Prince of Persia's structure is a little bit different this time around in that you have a major new ability that allows you to freeze water at certain points. This helps you get to some areas where you wouldn't otherwise be able to reach and gives the game a slightly different feel than other games. Aside from this, it stays very true to its conventions, and the gameplay offers some interesting and challenging areas and puzzles. One area where Forgotten Sands innovates is in the use of water. After a few levels, the prince earns the ability to freeze water that he finds. This is quite useful in a number of sections, since he can pour it to create new sections to traverse. For example, he can use it to create bars to swing from or make pathways over large gaps. It's a fairly cool feature that's easy to use and makes the gameplay more interesting. The game itself isn't too difficult and most sections shouldn't pose too much of a problem for gamers who've played previous games.

If things get too treacherous for you, the game allows you to reduce the level of difficulty until things become very easy, but it resembles a casual game when you do this, taking all the fun and challenge away. Fortunately, most players should be up to the challenge and the satisfaction of beating the game is worth it. Another innovative feature that Forgotten Sands brings to the table is the ability to upgrade the Prince's abilities as you go through the adventure. Players collect orbs in the gameplay and these are used in a variety of ways. When you collect an orb, you can go immediately to a separate menu which allows you to select which upgrades to use on a branching menu. You begin with a few basic ones that increase your attack strength, and can use others to increase your health bar and number of rewinds you can use. This is an effective system that opens up more areas of the game as you progress. Players will also find several cool surprises and secrets along the way, but we don't want to ruin these cool features, suffice it to say exploring Prince of Persia's menus is definitely worth the effort.

The last installment of Prince of Persia tried some laudable experiments in terms of style and aesthetics. Prince of Persia's first HD installment re-imagined the series' aesthetic by implementing a cel-shaded look and anime-style prince, and more importantly non-linear gameplay highlighted by missions where you're objective was to collect scattered orbs in each level. This approach was controversial, and the changes drew mixed reaction. The Forgotten Sands takes the opposite approach and brings the series back to its origins with a more dramatic and straightforward cinematic style that returns to the more linear approach of the original game. This makes the game a little less interesting, but more predictable. The more realistic approach mirrors the recent movie and its more realistic approach makes the game feel more realistic.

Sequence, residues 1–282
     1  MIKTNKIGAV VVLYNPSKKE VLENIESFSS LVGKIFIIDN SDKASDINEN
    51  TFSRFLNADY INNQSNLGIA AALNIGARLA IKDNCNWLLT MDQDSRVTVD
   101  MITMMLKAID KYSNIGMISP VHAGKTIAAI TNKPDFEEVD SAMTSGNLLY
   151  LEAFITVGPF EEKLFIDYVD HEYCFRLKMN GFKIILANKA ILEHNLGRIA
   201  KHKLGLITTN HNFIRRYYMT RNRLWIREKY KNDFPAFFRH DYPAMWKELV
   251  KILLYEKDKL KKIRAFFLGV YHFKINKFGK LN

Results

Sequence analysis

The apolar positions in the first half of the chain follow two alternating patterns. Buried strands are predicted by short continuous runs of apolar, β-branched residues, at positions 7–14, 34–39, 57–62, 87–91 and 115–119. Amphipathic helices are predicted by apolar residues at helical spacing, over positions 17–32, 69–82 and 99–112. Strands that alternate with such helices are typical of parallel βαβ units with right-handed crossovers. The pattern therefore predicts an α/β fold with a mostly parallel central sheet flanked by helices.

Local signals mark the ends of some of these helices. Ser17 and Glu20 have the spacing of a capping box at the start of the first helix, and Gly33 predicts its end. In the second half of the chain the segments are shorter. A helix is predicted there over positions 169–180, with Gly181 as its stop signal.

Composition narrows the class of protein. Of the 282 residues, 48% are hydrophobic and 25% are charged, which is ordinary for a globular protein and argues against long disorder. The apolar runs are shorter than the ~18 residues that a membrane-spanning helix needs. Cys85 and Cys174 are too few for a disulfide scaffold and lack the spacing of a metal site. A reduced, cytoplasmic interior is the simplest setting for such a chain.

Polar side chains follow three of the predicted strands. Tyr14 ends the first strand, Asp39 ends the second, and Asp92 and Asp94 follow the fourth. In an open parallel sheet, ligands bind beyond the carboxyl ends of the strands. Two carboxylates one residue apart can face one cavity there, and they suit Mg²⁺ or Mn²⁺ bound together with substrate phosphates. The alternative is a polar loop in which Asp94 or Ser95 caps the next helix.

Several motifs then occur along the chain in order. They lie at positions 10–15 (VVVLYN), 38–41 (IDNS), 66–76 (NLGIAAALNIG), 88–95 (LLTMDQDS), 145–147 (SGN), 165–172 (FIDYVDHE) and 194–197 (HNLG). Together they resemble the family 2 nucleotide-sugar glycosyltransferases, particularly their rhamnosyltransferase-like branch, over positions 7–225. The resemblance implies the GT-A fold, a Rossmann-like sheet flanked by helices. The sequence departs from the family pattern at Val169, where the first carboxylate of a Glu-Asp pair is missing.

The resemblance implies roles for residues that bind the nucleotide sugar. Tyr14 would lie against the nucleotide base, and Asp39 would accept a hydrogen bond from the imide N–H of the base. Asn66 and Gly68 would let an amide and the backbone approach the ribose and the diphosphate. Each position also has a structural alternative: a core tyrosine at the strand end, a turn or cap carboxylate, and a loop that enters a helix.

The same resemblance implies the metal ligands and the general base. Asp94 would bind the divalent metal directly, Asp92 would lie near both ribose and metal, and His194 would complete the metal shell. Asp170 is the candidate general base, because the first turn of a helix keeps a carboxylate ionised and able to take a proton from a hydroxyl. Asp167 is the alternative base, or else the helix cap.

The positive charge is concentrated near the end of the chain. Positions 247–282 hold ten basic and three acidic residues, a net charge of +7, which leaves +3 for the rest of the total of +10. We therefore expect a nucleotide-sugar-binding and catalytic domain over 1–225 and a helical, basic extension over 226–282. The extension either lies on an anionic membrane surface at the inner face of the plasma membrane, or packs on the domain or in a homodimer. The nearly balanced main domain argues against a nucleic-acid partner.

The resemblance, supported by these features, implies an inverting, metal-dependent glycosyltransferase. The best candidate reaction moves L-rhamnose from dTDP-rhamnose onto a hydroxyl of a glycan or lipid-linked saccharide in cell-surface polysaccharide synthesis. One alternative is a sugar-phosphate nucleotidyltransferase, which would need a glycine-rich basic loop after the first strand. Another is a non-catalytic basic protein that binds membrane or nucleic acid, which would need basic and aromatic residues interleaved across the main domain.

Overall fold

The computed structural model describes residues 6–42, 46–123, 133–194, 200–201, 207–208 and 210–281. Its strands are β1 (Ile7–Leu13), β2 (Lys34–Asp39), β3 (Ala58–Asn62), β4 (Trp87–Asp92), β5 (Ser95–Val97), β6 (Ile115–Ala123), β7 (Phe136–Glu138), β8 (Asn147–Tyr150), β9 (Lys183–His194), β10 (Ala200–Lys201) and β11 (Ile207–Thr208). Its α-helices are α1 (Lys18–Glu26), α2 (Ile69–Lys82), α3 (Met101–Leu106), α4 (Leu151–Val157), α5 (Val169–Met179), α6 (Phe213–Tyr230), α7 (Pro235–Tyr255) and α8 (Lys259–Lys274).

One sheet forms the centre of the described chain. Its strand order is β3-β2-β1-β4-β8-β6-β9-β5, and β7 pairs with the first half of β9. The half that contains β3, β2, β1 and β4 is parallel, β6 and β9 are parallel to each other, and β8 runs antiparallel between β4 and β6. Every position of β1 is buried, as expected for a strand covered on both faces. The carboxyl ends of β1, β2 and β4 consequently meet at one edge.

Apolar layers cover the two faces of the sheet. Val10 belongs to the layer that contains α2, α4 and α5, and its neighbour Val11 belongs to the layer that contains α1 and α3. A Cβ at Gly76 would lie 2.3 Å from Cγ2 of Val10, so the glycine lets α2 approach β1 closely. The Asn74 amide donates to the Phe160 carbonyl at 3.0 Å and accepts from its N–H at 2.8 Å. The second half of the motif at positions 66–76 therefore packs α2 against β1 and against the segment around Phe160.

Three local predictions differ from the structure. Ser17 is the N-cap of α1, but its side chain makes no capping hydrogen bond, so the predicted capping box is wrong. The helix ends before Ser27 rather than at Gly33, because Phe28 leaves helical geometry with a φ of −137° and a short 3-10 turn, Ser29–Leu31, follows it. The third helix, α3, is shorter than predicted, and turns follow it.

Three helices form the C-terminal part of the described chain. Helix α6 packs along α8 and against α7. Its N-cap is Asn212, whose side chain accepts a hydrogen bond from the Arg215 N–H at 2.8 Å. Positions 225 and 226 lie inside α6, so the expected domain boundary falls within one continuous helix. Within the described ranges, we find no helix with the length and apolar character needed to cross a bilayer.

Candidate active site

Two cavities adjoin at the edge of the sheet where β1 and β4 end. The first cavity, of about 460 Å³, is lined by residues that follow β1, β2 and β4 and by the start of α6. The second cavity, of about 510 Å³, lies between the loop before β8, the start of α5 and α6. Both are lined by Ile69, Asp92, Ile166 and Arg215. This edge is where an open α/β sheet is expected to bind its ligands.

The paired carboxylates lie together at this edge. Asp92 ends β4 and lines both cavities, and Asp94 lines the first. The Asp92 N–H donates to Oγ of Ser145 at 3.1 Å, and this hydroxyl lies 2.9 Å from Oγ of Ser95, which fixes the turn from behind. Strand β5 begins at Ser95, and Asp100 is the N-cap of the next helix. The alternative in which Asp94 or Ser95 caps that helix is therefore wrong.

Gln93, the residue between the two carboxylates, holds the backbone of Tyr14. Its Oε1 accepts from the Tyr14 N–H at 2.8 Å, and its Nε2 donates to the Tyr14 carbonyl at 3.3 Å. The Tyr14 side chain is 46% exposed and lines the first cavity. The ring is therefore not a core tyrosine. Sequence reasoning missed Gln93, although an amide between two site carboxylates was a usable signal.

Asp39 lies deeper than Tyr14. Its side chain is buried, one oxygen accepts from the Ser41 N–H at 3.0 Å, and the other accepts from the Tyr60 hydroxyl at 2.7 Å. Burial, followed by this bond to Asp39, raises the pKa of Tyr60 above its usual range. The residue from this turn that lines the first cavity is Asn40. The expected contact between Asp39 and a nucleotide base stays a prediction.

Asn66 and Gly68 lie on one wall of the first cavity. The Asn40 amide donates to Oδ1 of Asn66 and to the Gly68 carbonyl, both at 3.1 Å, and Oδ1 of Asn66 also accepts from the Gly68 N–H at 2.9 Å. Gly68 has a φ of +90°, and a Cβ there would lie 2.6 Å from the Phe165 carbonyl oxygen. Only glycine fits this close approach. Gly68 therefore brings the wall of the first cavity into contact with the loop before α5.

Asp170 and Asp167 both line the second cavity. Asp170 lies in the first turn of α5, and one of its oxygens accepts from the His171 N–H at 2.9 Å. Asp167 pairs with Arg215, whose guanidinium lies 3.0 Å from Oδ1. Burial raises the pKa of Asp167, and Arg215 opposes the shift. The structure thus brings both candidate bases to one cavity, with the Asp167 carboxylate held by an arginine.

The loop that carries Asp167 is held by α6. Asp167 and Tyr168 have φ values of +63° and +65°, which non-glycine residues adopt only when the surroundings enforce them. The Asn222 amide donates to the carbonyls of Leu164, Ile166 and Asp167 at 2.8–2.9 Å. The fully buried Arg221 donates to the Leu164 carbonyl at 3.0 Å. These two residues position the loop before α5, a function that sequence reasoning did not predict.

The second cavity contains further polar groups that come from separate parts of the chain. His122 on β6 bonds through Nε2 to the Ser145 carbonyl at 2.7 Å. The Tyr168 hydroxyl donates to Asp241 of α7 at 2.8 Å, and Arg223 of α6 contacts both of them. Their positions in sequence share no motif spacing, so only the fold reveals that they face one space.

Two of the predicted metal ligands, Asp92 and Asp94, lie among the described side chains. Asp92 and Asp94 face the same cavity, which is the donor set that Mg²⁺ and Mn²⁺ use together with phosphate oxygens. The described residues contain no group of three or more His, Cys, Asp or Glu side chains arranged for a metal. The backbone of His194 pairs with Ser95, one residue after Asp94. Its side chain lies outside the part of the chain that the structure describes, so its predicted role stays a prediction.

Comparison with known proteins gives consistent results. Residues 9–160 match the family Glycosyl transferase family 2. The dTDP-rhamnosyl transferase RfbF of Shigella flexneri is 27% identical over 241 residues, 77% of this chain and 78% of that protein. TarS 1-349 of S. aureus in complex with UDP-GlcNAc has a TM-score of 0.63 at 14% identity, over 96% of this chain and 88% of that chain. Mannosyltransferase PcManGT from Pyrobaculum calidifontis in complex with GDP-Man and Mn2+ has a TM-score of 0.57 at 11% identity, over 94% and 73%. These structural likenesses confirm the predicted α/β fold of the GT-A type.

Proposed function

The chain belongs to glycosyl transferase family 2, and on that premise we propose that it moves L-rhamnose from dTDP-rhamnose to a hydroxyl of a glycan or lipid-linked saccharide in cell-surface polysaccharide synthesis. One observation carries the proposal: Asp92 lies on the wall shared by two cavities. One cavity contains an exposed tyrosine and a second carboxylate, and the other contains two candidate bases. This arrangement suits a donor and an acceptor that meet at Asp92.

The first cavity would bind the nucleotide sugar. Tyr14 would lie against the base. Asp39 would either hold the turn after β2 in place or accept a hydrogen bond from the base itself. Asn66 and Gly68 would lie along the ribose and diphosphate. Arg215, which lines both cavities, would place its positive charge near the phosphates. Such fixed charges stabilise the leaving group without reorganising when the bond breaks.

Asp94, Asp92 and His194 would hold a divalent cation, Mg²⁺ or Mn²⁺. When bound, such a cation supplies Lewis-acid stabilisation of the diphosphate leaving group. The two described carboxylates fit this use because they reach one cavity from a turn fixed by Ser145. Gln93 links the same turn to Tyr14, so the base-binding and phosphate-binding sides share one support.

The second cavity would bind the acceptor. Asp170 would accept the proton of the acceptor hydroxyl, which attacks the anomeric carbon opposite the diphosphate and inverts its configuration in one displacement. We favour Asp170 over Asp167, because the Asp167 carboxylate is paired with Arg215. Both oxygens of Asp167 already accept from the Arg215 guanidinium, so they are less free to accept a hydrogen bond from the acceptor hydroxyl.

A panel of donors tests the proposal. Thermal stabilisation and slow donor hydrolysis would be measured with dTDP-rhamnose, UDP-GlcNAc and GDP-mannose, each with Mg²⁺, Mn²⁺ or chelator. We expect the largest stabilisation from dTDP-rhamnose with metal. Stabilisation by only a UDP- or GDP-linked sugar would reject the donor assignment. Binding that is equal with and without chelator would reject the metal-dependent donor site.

This approach to the franchise is definitely a lot closer to the Sands of Time aesthetic than any game since that title. It's not as dark as Warrior Within, nor is it a brightly colored surreal anime title. The settings are fairly lush and evoke a different time and era, with a mixture of realism and fantasy that draws you into the adventure. The breathtaking views inside the palace and in other locations bring the ancient world of Persia to life in vivid fashion, and its excellent camera system doesn't intrude on the action. An effective soundtrack scores the action and brings dramatic flourishes to the gameplay without feeling intrusive or overbearing. The game's overall feel is fairly good by HD standards, but there are a few sections that don't have quite the polish that's seen in some of the more elaborate set-pieces. Despite this, the overall quality in terms of production values is consistent throughout. One of the things you'll probably notice while you're playing through Forgotten Sands is the strong sense of familiarity that you'll have. Many of the same features, obstacles and puzzles you've seen in earlier games return, though with a few twists. This makes the game feel more like a remake than a true sequel.

Reinforcing this feeling of déjà vu is the fact thar it's narrative takes place between the events of the Sands of Time and Warrior Within, which makes it's place in the overall plot feel less like moving forward and more like standing in place. While this is a satisfying approach that brings a decent game, it does have the effect of feeling a bit too constrained, almost afraid to break much new ground in the franchise. It seems like Ubisoft has gone too far in the other direction with Forgotten Sands and is over-compensating after the last Prince's negative reception. In the end, this makes for an entertaining, challenging and fun title, but one that seems stuck rewinding and reliving its past glories instead of moving forward.

- Michael Palisano

Grade: B